Okay, I'm here to join this discussion. I sense some confusion on a couple of levels. For one thing, I'm pretty sure that when Jim started this thread, he was referring to the Certificate
that certifiers fill out when issuing a certification. However, at least one other person in the discussion seems to be referring to the paperwork that measurers fill out when measuring a course. Now, assuming we're talking about the Certificate, different certifiers may be using different versions. Some use the "standard" version that I distribute, which is a PDF file with form fields that can be filled in using Adobe Reader and saved after filling in the fields. Some certifiers use a PDF form that has been modified somewhat (compared with my "standard" version), since anyone who has a full version of Adobe Acrobat, or various other third-party PDF editing programs, can make changes. And some use certificate forms in other software entirely, such as Microsoft Word.
Since many versions of the certificate abound, I'll focus the discussion by displaying an image of the "standard" certificate that I distribute:
Note: This is a low-resolution image of a blank certificate. I don't want to provide a high-resolution editable PDF through this board, but any certifier who wants one should send me an email.
Jim wrote that on his certificate, the Elevation field has an italicized meters.
The image above shows that in my standard certificate, the text "meters above sea level" appears next to the word Elevation, but it isn't italicized. It should also be noted that in my standard editable PDF certificate, the (non-italicized) word "meters" appears by default, but it's an editable field, so if the certifier wants to, they can change it to feet (or other similarly old units, such as cubits, rods, fathoms, etc.).
Also in my standard certificate, the four individual elevation fields (Start, Finish, etc.) do not include unit designators. While I would encourage all certifiers to always include a unit symbol (i.e., "m") for each of the individual elevation values, it wouldn't make sense to include these in the background text of the standard form, given the possibility that some certifiers may enter elevations in feet instead of meters.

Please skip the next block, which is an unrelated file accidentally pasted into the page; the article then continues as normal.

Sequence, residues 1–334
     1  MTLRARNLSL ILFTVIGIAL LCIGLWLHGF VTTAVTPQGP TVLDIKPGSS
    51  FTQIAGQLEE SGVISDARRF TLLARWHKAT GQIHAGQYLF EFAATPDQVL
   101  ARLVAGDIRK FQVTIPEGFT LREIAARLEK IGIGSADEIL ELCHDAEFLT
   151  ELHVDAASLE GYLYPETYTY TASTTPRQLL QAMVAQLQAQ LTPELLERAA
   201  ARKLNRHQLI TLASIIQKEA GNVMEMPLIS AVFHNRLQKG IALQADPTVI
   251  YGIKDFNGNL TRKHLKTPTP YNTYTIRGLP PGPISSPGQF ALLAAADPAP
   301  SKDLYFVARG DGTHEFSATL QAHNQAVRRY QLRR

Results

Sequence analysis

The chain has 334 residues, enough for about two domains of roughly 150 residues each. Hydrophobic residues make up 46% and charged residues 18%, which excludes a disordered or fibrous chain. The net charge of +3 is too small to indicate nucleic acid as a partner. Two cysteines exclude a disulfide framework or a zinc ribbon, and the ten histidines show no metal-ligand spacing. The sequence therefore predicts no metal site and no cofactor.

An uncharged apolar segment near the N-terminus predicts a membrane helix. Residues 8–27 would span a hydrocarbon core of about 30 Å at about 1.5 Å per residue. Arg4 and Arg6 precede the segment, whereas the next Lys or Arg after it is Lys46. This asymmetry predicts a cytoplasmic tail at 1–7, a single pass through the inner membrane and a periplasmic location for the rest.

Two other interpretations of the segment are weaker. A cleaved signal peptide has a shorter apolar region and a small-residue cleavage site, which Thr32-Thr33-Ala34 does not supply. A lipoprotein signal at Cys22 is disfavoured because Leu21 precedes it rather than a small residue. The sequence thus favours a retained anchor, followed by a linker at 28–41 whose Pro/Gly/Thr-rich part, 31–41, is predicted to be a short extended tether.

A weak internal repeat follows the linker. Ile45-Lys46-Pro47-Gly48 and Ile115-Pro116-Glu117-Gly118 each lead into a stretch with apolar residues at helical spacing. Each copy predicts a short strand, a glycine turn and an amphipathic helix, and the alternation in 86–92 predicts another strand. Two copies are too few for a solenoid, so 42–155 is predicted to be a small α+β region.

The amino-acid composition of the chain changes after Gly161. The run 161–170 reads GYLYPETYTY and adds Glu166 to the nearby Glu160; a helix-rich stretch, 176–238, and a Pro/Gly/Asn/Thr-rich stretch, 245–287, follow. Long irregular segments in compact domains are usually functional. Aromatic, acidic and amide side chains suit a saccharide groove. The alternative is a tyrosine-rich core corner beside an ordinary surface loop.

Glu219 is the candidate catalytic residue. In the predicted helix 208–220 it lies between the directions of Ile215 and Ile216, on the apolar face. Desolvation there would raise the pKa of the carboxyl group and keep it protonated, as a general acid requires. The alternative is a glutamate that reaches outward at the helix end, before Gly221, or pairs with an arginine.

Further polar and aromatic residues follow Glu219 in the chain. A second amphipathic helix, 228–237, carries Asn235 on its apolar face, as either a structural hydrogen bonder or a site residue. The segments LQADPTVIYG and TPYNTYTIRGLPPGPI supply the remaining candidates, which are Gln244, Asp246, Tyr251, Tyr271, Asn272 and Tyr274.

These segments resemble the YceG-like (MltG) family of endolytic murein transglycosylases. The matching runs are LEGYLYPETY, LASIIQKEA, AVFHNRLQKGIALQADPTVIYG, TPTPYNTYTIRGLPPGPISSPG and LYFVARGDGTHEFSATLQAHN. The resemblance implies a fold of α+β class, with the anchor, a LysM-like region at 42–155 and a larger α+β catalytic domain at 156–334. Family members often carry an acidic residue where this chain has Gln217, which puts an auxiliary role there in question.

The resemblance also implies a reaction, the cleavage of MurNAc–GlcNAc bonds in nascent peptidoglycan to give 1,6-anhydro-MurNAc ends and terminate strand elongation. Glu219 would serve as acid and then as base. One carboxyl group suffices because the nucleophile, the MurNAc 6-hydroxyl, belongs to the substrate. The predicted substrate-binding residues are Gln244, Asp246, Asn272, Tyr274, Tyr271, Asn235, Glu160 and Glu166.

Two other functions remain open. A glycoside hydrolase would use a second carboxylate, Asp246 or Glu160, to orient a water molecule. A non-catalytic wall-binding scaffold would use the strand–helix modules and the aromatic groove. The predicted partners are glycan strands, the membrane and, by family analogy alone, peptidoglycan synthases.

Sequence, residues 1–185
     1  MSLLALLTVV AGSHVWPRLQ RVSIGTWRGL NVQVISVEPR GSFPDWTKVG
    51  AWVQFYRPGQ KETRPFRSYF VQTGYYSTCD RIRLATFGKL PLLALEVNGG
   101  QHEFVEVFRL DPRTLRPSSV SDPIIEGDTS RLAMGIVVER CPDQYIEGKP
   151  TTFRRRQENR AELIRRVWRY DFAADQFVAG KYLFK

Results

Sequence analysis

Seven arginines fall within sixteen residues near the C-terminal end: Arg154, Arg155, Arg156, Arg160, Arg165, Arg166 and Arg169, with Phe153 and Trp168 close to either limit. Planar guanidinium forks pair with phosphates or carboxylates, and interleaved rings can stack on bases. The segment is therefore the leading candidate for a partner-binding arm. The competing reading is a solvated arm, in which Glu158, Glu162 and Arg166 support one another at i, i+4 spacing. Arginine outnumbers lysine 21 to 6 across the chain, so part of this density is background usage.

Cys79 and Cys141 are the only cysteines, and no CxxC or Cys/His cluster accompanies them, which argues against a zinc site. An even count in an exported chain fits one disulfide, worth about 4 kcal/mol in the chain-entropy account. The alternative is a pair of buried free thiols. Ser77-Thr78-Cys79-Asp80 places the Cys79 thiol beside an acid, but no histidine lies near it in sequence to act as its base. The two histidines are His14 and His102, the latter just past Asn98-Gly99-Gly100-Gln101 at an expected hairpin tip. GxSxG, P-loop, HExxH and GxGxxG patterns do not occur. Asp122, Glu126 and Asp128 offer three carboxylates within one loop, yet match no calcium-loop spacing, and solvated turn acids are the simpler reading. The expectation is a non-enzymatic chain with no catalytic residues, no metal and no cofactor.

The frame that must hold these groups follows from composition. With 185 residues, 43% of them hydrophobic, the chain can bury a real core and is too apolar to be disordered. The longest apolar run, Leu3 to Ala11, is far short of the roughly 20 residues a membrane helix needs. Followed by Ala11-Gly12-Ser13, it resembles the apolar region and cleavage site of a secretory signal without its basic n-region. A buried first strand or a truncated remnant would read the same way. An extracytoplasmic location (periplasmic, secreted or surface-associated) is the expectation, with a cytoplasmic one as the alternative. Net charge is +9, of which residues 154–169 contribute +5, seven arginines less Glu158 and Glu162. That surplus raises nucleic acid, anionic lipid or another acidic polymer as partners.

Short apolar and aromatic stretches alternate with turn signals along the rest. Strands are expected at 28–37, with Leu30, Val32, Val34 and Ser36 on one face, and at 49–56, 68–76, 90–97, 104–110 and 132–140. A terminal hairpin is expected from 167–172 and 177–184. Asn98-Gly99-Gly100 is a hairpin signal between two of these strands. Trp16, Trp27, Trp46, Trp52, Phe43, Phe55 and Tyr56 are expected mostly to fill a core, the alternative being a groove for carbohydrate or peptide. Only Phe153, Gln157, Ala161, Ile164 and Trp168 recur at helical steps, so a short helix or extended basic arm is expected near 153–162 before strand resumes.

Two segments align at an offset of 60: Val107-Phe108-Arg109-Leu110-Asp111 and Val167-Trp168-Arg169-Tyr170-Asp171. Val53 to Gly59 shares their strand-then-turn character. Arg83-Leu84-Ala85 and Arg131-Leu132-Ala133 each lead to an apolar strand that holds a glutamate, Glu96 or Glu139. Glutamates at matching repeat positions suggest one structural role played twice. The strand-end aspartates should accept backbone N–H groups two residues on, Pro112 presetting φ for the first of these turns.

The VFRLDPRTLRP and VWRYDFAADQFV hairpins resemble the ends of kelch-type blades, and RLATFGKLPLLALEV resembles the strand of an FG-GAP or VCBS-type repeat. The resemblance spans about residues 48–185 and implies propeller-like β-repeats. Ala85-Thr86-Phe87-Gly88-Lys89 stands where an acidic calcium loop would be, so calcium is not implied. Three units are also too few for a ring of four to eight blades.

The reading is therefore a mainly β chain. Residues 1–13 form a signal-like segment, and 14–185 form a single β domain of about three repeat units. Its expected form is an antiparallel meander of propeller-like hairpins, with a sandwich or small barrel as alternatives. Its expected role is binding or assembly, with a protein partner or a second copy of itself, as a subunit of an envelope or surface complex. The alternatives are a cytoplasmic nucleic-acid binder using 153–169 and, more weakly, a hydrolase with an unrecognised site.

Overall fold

As for the "Straight line distance between start & finish" field, this also doesn't include a unit designator, because it may be entered in a variety of units. Assuming that only metric units are used, it may still sometimes be entered in kilometers instead of meters.
As for which numbers are submitted to the USATF database, the "Straight line distance" isn't included in that database, as only the "Separation" value (in %) is entered in the database. Similarly, the individual elevation figures (Start, Finish, etc.) aren't in the database, as only the "Drop" (in m/km) gets entered in the database. Thus, the Straight line distance and the individual Elevation figures are written on certificates but Gene doesn't enter them in the database.
The question of which splits are laid out in a race course is, of course, totally separate from these issues about writing numbers on the certificates. Nevertheless, for those who say they've never seen a US road race that offers km splits, you ought to come to Oklahoma, where you'd find that many, probably most, metric races are marked entirely with km splits. This includes the Tulsa Run 15 km, the biggest race in the state.
A couple of other issues on certificate forms: A few days ago, I received an inquiry from a certifier who wanted greater flexibility in choosing the font and size of entered text. To accommodate that request, I designed a variant of the PDF certificate that doesn't use editable form fields but, instead, can be completed using the "Typewriter tool" in Adobe Reader. Filling out this version may require greater care in lining up the fields, but lets you enter text in any font and size you like. It also lets you type comments anywhere on the certificate, not just in designated form fields, which may sometimes be useful. Certifiers who would like a copy of this PDF certificate should send me an email. You can find my email address in a link near the top of the page at http://www.rrtc.net
Finally, given the movement to change the term "Validation" to "Verification," we'll need to change the fixed text near the bottom of the certificate sometime soon. This will require distributing new certificate forms to all certifiers. Before doing this, we can decide if there are other changes we ought to make in the certificates. For example, if certifiers will be required to always enter elevations in meters, we can include "m" unit symbols to the right of each of the 4 fields for entering elevation values.